The after-life options are clear; an eternity with God or an eternity apart from Him.

Isn’t living without God what Hell is?

Does my behavior in this life divulge what my hopes in the after-life are?

It has become troubling to be with family/friends who have intentionally chosen to live their lives without God.  There’s no mention.  There’s no worship.  There’s no urgency to seek God.

If this life is all that there is, then being godless makes perfect sense.  However, if God is real then He must be real in my life in the here and now.

Maybe you’re thinking, “I’ll wait until I get there and then choose to be with God.”  No, you won’t!

There is a judgment day after death.  We will stand before God and our life’s records will be exposed.  We’ll know then that we aren’t worthy to spend an after-life with God, if we don’t already know it.

If we’ve neglected God here, we’ll continue to live without Him in the after-life.

I wonder what the after-life status is for those who claim, or have claimed, to be believers but now have chosen to ignore Him?  Sobering thought, for sure.

Blame my minister.  He was finishing Revelation and there was a ton of heaven talk.

Heaven may be God changing this earth back to the way it was.  It may be in a different place, who knows?  That being said, it is a place I want to be in.  I expect to be wherever it is.  I don’t deserve heaven BUT God made a way for me, and you, to be there.



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Getting wisdom elsewhere

I’ve been around for a while.  I know quite a bit.

BUT, am I wise?

The Bible is counter-intuitive when it comes to wisdom.

“Your heart was filled with pride because of all your beauty; you corrupted your wisdom for the sake of your splendor.”  Ezekiel 28:17

“How can men be wise?  The only way to begin is by reverence for God.  For growth in wisdom comes from obeying His laws.  Praise His name forever.”  Psalm 111:10

What I consider wise and what the world considers wise, often isn’t.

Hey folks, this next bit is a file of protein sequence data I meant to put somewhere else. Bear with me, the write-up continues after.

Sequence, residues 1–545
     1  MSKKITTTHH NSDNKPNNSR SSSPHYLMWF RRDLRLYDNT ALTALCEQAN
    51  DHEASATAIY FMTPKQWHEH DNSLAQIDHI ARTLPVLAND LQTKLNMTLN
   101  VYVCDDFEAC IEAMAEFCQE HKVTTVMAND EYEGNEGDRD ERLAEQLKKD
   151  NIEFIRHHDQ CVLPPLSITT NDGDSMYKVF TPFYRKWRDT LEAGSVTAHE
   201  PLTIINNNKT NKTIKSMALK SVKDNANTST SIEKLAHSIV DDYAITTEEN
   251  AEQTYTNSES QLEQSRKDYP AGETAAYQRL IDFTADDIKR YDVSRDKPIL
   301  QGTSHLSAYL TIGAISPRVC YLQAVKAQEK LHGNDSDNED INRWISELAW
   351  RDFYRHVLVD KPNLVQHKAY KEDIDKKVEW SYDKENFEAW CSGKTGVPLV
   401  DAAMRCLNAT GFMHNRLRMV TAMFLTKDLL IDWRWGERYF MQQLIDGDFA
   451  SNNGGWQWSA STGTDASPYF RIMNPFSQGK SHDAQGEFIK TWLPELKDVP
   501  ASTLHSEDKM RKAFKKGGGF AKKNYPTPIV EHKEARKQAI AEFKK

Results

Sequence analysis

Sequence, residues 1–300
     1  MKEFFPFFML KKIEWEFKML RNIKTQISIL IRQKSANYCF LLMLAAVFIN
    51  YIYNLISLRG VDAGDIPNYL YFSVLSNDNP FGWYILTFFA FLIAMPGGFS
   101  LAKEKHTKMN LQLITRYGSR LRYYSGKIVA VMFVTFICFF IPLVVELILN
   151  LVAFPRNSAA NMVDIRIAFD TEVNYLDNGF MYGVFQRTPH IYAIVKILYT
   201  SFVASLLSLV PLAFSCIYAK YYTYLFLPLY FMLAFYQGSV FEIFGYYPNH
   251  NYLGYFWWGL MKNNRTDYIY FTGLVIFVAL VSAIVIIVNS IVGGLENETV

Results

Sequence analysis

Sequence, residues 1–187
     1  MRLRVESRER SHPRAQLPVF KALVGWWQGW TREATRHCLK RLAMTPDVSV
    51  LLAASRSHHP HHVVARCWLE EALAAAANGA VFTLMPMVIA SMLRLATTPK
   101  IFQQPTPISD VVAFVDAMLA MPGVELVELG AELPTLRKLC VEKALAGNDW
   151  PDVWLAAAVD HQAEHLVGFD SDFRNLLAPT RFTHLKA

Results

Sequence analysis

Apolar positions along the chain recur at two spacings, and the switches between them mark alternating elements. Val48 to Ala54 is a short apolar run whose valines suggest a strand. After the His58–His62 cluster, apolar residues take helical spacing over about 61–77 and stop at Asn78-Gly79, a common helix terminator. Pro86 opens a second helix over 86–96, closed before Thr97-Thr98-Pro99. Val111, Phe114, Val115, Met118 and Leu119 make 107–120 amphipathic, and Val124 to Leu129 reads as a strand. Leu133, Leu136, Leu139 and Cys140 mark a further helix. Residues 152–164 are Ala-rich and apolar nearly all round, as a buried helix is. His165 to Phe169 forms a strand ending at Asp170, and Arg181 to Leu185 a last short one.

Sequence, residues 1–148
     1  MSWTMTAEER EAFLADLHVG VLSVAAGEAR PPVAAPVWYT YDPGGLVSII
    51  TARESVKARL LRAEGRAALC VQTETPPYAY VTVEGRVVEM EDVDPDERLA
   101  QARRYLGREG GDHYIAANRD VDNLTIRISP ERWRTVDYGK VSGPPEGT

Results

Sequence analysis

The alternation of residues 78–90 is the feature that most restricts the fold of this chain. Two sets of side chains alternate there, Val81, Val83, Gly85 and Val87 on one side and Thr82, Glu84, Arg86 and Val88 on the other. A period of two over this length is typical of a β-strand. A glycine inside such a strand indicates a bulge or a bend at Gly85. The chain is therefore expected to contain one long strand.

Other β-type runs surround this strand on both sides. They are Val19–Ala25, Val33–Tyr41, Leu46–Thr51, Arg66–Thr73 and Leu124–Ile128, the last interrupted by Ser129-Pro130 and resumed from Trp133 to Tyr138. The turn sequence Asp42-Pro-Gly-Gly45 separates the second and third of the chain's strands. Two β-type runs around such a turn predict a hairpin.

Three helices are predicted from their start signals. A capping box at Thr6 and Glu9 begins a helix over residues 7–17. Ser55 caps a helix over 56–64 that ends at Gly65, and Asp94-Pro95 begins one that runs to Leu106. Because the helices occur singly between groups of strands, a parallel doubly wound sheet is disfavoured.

A commentary on Psalm 111:10 uses the example of a well-known painter to make a point.  The painter attracts the praise of many as he sketches the passing landscape on the way down the Niagara River to, and over, Niagara Falls.  What was important to him and to those who admired him?  Obviously not the MOST important thing.

God gives us every good thing we have, yet too often we are deceived into thinking we deserve it.  We have made it possible.  God gets relegated to Sunday morning.  We know best without His involvement.

We miss who God is!  We lose our respect and admiration.  Our wisdom becomes “corrupted.”

Reverence for God is a full-time activity.  God is special.  He’s the best.  He’s been there, done it.

Shouldn’t I have a passion to want to know Him better?

Photography interests me.  When I find an expert in an area of photography that interests me, I actively chase after him/her.  I read.  I watch.  I chase.  Why?  They are the expert.  I want to get from them what I have a passion for.

If I claim to love God, I will have a passion to know Him.

The second part of verse 10 above gives instruction in this area: I need to obey His laws.  Surely, this requires knowing what His laws are.  What He wants from me.

I pour over articles in camera magazines chasing knowledge of something that interests me.  I must approach the Bible similarly.  Therein are instructions on how to be wise in God’s eyes.

Will I chase wisdom in the Bible as I do in other areas?

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Filed under Ezekiel, Psalm, Psalms

Where are the Godly?

“For the Lord says: ‘I am against you, Israel.  I will unsheathe my sword and destroy your people, good and bad alike – I will not spare even the righteous.”  Ezekiel 21:3-4

“Who but God can give me strength to conquer these fortified cities?  Who else can lead me into Edom?  Lord, have you thrown us away?  Have you deserted our army?  Oh, help us fight against our enemies, for men are useless allies.”  Psalm 108:10-12

“The One Year Bible” have put Ezekiel 21-22 together with Psalm 108.  They are good fit.

If you want to get discouraged, read Ezekiel 21 & 22!  Things are bad and going to get worse.

Take note that even the so-called “righteous” will not be spared.

I wonder if these folks were “righteous” in their own eyes or were they righteous but not doing what God wanted?  I don’t know.  I do know that God is including them in the punishments to come.

Maybe “righteous” refers to the priests because God goes after them in Ezekiel 22:26: “Your priests have violated my laws and defiled my Temple and my holiness.  To them the things of God are no more important than any daily task.”

At the end of Ezekiel 22, God admits that He has looked for someone (anyone) who actually lives righteously and has the Godly sense to ask Him for help.  Sadly, no one is found!

BUT along comes prayerful David in Psalm 108.  He is well aware of the size of the enemy but He is also aware that God is not overwhelmed by any enemy.  Men are overwhelmed but God isn’t.  David sees that relying on men, and not God, is useless.

What a lesson!  Evil is formidable for sure.  God is more formidable.  My trust must be in Him not in other things such as the police, the government, my health insurance etc…

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Filed under Ezekiel, Psalm, Psalms